by Ryan Fine
It’s becoming increasingly difficult to know what to expect from Mastodon. Their first four albums, which were spread out across the first decade of the century, singlehandedly brought sludge metal to new heights of popularity, impressing hardcore and casual metal listeners alike. In the early 2010s, the band suddenly switched to a slicked-back, easily digestible sound, which brought them commercial success, but little appreciation from fans and critics. Though their most recent album Once More Round the Sun did not reach the heights of Leviathan, it was enough of a recovery for fans of early Mastodon to be justifiably excited for what came next. Sadly, though, their new album Emperor of Sand is not the return to form that it could have been. It sounds acceptable on the surface, but it doesn’t take much digging to uncover the tired mess underneath.
Clean production as a crutch
Emperor of Sand was produced by the band’s old friend Brendan O’Brien. O’Brien previously collaborated with the band on their 2009 monolith Crack the Skye and was a big part of what made that album great. Unfortunately for him, however, he’s not working with nearly the musical caliber anymore that he was back then. He deserves a lot of credit for holding this album together, but using a polished production sound to mask weak songwriting is a lot like showering with Febreze. You won’t end up smelling like flowers; you’ll just smell like Febreze and dirt.
Despite his best efforts to mix some of the classic unforgiving Mastodon sound with their recent radio-ready alternative metal, for the most part this album still veers closest to the band’s 2011 disaster: The Hunter. Even though Emperor of Sand may beat out its predecessor in the famed Loudness War, it has the same general sound once you even out the levels. Though its album cover may try to argue, this is another shallow Mastodon release with not much to offer apart from distorted guitars.
Someone left the cheese out for too long
There’s a lot about this album that isn’t spectacular, but by far its most glaring flaw is its lyrics. For some reason, Mastodon is digging up all of the cheesiest lines from the metal music of decades ago, to the point where it feels more like a parody. Lines about prophecies being realized and being afraid of yourself plague this record like mold. Like most Mastodon records, this album follows a story-line, which in some ways dictates what the words are about. However, coming from a band who masterfully crafted an album based on “Moby Dick” a decade ago, this is no excuse.
Possibly the worst offenders on the album are the disappointing single “Show Yourself” and the relatively deep cut “Word to the Wise”. The former is essentially just a basic alternative rock song with a metal sound. It abuses basic metal clichés like “only you can save yourself” while trying and failing to sound edgy. The latter tries to sound more like classic metal, introducing half-baked fantasy anecdotes like “I fell into a pit of lies.” There’s a reason we left this stuff in the 80s, and coming from innovators like Mastodon, it sounds even more dated.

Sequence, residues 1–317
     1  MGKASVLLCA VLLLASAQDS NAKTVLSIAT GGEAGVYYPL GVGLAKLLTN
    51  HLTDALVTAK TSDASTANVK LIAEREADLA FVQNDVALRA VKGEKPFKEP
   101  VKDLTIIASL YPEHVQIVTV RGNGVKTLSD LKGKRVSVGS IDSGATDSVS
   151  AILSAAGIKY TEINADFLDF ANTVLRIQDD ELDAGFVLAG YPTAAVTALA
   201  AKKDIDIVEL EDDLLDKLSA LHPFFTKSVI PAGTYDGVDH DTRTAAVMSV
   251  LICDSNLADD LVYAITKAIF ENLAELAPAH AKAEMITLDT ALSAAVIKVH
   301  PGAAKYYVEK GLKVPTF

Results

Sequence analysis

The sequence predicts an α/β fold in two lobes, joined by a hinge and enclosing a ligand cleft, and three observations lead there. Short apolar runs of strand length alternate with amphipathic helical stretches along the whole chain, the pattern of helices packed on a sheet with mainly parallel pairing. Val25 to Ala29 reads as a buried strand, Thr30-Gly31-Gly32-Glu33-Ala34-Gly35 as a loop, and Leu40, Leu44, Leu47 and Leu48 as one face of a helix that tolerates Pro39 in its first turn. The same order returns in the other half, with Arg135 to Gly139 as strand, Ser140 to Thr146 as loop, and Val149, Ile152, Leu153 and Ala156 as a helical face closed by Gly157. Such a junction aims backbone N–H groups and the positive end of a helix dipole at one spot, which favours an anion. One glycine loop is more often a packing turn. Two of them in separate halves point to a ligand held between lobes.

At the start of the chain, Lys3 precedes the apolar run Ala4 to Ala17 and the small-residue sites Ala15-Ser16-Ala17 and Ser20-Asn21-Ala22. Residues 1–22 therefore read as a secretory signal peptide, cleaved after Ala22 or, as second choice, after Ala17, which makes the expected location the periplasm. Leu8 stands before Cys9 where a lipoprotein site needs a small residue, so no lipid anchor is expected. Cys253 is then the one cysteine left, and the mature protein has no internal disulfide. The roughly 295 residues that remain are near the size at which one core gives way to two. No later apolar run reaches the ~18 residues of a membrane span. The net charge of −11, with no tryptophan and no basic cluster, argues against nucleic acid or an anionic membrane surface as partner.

Past, present…no future
Mastodon used to be on the cutting edge of metal music. In their early days, they paid homage to the past in subtle enough ways that their sound stayed almost entirely unique and innovative. With their newest release they have begun pulling more from their influences and contemporaries than ever before, and many of these tracks actually sound like they could have been written by any of the watered-down alternative rock groups whom Mastodon themselves have inspired.
Several of the louder tracks, like “Precious Stones” and “Sultan’s Curse”, would be perfectly believable as Avenged Sevenfold songs. The closing track “Jaguar God” is a slow ballad that mirrors Metallica’s “Nothing Else Matters” a little bit too closely. In moderation there’s nothing wrong with bands wearing their influences on their sleeves. The problem is that Mastodon goes past straight-up admiration, taking ideas without offering anything new of their own. There’s no band in the universe who can keep moving forward forever, but it’s still disappointing to watch Mastodon take yet another step backward.
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All Images From: Youtube
Emperor of Sand
For those who enjoyed Once More Round the Sun, it was reasonable to expect Mastodon to finally return to the forefront of the sludge metal scene. But the band is barely working in that genre at all anymore, opting instead to rehash ancient metal tropes and poorly weld them with the sound of modern radio metal bands. The production is effective, but too glossy to hide the lyrics, which are some of the cringiest in the Mastodon discography. You can tell that this band is still comprised of good musicians under the surface, but they are no longer interested in making new and exciting contributions to music the way they did before.
Ryan is a Music Media Production major who wrote the first ever Byte music review and has been involved with nearly every other section at some point. He is also an event planner at Village Green Records and the primary booking coordinator for the store’s outdoor concerts.